hiking up again. What a relief.

Being the final run, I thought I'd have some fun and use a small tree as
a jump. Marc agreed to get a picture of this great air. As it turned out
the tree (upper right) was small but pretty solid, and managed to flip me
upside down.

Collecting my stuff, and a piece of the now-1-foot-shorter tree.

Kevin, ready for some afternoon action, as Scott looks down at the slope.

Kevin traversing to the good stuff.

Kevin and Scott heading into the woods for fresh powder.

People disappeared two at a time into the trees and occasionally we'd hear
a shout from below for the next two to start.

The scenery was great in all directions. Just point the camera and shoot.

Marc heading down.
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Back to the base. In addition to the lodge/tent, there was a rental shop
where we rented our avalanche beacon, probe, and shovel.

The group: Andre, me, Marc, Kevin, Bill (our guide), Alex, and Scott.

DAY #2
Our guide John gave us every bit of confidence that he knew what he was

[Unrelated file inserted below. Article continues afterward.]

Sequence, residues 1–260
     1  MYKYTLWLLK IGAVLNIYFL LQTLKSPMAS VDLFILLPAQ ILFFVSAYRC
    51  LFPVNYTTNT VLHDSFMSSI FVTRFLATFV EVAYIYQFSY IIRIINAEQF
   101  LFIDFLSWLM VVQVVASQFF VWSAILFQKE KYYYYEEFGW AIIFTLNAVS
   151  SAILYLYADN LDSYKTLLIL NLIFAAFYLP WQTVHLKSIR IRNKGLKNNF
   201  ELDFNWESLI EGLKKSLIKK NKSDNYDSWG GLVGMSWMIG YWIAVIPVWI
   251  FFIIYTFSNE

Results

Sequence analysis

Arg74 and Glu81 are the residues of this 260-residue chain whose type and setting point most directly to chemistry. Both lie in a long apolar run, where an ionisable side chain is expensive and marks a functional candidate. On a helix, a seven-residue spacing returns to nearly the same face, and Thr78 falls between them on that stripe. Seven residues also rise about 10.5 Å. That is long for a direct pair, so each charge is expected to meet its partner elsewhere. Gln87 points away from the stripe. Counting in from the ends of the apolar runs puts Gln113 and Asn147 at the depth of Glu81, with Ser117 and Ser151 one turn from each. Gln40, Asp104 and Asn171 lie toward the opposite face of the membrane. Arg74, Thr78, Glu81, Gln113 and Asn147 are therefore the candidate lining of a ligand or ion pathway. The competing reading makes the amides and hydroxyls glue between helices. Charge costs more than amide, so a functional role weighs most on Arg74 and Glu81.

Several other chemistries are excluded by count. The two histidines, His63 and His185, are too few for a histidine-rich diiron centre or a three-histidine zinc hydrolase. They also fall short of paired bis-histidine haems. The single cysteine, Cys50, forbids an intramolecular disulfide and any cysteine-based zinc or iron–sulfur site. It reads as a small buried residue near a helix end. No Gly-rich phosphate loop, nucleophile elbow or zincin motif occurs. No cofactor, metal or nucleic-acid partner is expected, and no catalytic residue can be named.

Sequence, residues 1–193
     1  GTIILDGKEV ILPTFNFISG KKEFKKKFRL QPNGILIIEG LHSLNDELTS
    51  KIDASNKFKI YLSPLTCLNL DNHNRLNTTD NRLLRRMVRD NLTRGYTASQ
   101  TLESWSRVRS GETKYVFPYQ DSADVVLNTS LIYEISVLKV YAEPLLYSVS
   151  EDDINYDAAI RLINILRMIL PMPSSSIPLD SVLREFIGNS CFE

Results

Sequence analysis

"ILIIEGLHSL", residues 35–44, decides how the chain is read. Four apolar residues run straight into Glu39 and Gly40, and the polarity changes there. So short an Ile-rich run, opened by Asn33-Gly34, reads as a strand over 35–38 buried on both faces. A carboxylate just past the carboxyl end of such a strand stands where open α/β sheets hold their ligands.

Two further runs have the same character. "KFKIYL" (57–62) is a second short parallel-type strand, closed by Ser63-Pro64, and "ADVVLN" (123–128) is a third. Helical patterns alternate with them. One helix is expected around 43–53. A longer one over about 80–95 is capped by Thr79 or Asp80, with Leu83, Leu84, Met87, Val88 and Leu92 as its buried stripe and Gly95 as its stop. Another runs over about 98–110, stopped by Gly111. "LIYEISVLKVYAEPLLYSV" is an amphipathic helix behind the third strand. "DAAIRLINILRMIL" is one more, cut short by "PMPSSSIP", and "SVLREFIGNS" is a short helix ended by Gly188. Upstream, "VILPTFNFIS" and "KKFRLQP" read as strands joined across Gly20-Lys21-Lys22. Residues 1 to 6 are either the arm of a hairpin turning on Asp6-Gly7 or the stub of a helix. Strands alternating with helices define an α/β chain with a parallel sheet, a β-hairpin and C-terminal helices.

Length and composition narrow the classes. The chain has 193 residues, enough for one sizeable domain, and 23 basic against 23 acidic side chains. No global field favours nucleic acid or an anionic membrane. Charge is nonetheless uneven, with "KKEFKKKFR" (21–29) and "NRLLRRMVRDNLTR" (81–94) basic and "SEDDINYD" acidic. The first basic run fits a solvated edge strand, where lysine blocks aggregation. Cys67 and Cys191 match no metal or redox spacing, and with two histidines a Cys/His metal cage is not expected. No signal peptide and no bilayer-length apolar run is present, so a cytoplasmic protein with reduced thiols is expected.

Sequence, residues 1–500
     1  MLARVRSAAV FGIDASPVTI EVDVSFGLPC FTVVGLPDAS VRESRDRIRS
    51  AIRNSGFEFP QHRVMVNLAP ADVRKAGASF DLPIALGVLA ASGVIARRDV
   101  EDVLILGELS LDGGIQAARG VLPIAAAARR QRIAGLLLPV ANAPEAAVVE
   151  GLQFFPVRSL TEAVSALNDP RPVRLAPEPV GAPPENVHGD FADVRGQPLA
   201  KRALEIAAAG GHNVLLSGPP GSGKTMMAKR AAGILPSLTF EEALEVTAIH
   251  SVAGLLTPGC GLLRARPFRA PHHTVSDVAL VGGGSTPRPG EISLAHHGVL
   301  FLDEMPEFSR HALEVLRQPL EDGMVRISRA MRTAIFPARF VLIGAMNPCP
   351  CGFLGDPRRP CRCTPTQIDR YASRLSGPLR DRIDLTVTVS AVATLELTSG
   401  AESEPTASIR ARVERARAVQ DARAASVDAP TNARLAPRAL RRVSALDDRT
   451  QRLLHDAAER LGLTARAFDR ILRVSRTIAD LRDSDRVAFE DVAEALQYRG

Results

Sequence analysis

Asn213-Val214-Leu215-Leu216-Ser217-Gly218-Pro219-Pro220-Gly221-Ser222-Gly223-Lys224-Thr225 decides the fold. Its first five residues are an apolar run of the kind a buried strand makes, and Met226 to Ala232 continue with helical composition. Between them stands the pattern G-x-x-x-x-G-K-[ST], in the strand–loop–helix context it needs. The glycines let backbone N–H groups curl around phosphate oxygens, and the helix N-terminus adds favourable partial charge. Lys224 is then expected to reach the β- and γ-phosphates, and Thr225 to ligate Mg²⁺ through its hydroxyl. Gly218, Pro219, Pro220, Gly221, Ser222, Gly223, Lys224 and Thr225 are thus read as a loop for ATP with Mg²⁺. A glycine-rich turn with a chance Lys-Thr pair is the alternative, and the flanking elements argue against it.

doing out here. He had icicles in his beard in the morning, a sure sign of
a mountain man.

He took us to the same area where we ended the previous day. Our first run
consisted of steep, deep powder with lots of trees. Looking across the
valley from the top of the run, we see more of the same.

Marc weaving through the trees.
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My turn to cruise on a short open stretch.
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Pablo on his way down.

Pablo heading toward me.

Our second run with John was "Colorado". There's nothing like a good hike
in the morning to warm up your toes. The view over the back side was
impressive as always.

Looking back the other way as we prepare to head down. We went a bit
farther right than we did yesterday, and found some truly untracked powder
to play in. We stayed right through the trees for awhile, but eventually
cut back and skied out the same basic path to the bottom.

Time for some much needed food. Marc and I got the "catered" lunch from
the mountain. I thought it would be a hot burger or something that I
couldn't pack myself. Unfortunately, it was just a sandwich and some
snacks. Next time I'll just pack my own.

Our third run was less than impressive. It was basically the same as our
first run from the first day. A good amount of hiking and traversing...